Davis Wetlands

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The Davis Wetlands is one of the City's most valuable open space resources. It provides wildlife habitat, flood control, wastewater reuse, recreation, and environmental learning opportunities. The Davis wetlands were constructed by the City of Davis in 1998 and are managed as part of the Davis wastewater treatment facility. Today, water is no longer treated in the Davis wetlands, but treated wastewater is still reused in the wetlands to create important habitat for fish and wildlife.


The City of Davis owns this property in fee title.


400 acres.

Open space benefits:

The Yolo Basin is considered a prime location for wetlands restoration because of its potential to recover some of the historical habitat and reestablish important wintering grounds for waterfowl and migratory birds. The Davis Wetlands provides five types of habitat including permanent open water, seasonal wetland, native grassland, riparian woodland, and mudflats.  Open water habitat serves as refuge and brooding water for wintering and resident waterfowl.  Seasonal wetlands and mudflats host shorebirds, migrant and resident songbirds, and an array of mammals.  The grasslands and riparian woodland support all native plants. Grasslands and woodlands are important habitat for birds-of-prey, song birds, mammals, reptiles and nesting waterfowl.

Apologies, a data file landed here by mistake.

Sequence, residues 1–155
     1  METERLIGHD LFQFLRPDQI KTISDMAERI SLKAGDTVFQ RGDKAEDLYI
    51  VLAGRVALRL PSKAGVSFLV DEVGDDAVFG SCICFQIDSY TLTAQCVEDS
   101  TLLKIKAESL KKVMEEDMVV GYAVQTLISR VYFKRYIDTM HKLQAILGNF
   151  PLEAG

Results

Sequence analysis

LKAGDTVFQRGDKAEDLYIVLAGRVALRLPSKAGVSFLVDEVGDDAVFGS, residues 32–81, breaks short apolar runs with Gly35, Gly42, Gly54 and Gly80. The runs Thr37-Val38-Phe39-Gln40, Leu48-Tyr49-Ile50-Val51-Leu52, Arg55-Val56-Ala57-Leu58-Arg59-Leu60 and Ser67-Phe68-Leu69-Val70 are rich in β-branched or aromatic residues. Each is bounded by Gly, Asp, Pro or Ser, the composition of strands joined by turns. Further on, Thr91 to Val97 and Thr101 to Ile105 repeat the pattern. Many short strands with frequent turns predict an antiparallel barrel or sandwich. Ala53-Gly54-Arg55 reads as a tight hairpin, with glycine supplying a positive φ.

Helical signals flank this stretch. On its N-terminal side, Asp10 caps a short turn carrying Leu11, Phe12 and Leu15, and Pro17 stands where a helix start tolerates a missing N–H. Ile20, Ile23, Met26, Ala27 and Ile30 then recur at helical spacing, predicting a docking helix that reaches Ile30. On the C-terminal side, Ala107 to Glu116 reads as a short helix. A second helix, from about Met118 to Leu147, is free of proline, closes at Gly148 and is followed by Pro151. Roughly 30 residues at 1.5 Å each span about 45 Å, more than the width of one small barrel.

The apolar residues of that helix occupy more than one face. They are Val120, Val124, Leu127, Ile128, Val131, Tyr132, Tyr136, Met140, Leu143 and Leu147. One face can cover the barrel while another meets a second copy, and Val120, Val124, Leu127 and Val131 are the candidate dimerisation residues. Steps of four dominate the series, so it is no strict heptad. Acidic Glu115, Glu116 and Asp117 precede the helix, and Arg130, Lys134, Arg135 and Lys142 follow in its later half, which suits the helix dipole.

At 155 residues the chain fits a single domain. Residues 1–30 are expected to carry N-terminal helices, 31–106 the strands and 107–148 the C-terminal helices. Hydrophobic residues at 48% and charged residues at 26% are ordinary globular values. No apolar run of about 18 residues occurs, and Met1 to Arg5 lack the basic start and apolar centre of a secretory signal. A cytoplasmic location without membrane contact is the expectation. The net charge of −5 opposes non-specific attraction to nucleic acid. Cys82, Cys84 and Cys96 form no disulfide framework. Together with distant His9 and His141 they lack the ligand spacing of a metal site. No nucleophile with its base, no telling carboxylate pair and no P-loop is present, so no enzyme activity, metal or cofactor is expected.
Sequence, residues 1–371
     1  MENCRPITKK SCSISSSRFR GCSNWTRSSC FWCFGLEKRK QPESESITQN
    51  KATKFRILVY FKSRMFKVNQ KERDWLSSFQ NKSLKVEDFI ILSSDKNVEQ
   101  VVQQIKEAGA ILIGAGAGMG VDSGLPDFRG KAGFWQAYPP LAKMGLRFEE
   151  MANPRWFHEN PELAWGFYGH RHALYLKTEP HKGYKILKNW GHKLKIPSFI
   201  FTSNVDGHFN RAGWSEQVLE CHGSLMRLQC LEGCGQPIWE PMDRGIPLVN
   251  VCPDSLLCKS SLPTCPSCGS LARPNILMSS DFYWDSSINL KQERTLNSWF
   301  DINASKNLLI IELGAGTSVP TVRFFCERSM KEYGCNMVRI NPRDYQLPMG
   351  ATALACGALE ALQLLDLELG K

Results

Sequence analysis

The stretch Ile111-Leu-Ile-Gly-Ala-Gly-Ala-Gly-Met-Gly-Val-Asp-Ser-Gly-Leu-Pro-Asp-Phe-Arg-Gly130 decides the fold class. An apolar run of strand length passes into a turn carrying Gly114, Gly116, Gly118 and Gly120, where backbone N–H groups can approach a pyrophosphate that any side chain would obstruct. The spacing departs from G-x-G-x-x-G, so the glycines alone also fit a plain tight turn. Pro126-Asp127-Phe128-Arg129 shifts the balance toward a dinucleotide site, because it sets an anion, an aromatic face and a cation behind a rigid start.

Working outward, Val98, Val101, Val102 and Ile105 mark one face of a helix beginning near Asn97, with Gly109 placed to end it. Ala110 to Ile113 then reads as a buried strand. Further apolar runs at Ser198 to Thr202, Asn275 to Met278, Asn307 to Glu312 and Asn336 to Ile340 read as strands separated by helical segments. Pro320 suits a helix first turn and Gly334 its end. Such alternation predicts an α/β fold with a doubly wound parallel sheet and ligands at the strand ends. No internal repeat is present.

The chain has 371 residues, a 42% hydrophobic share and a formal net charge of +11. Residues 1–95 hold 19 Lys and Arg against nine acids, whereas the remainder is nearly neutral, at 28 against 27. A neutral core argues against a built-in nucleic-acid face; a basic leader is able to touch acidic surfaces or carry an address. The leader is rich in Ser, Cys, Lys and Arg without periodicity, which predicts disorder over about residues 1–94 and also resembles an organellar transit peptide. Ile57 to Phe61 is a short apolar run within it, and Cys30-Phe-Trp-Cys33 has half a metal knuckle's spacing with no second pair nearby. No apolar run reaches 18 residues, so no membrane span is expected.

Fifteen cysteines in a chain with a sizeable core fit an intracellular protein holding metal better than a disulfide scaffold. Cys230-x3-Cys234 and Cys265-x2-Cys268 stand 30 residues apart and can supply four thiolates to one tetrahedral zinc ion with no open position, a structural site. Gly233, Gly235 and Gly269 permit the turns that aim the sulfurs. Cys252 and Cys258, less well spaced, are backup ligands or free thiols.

Public accessibility:

This property is publicly accessible and open to the public during limited times during the year.  From February 15th through August 31st, the wetlands are open seven days/week from 7 a.m. to 1 p.m.  From September 1st through February 15th, the wetlands are open Mondays only from 7 a.m. to 1 p.m.  Docent lead tours of the wetlands often occur on the first Saturday of the month.  Please contact the Yolo Basin Foundation for tour times at or (530) 757-3780.  Special group tours are available depending on access constraints.  Please contact the Department of Public Works for more information at (530) 757- 5686.


The property is located along County Road 28H, about one mile past the Davis Wastewater Pollution Control Plant, near the Levee Yolo Bypass.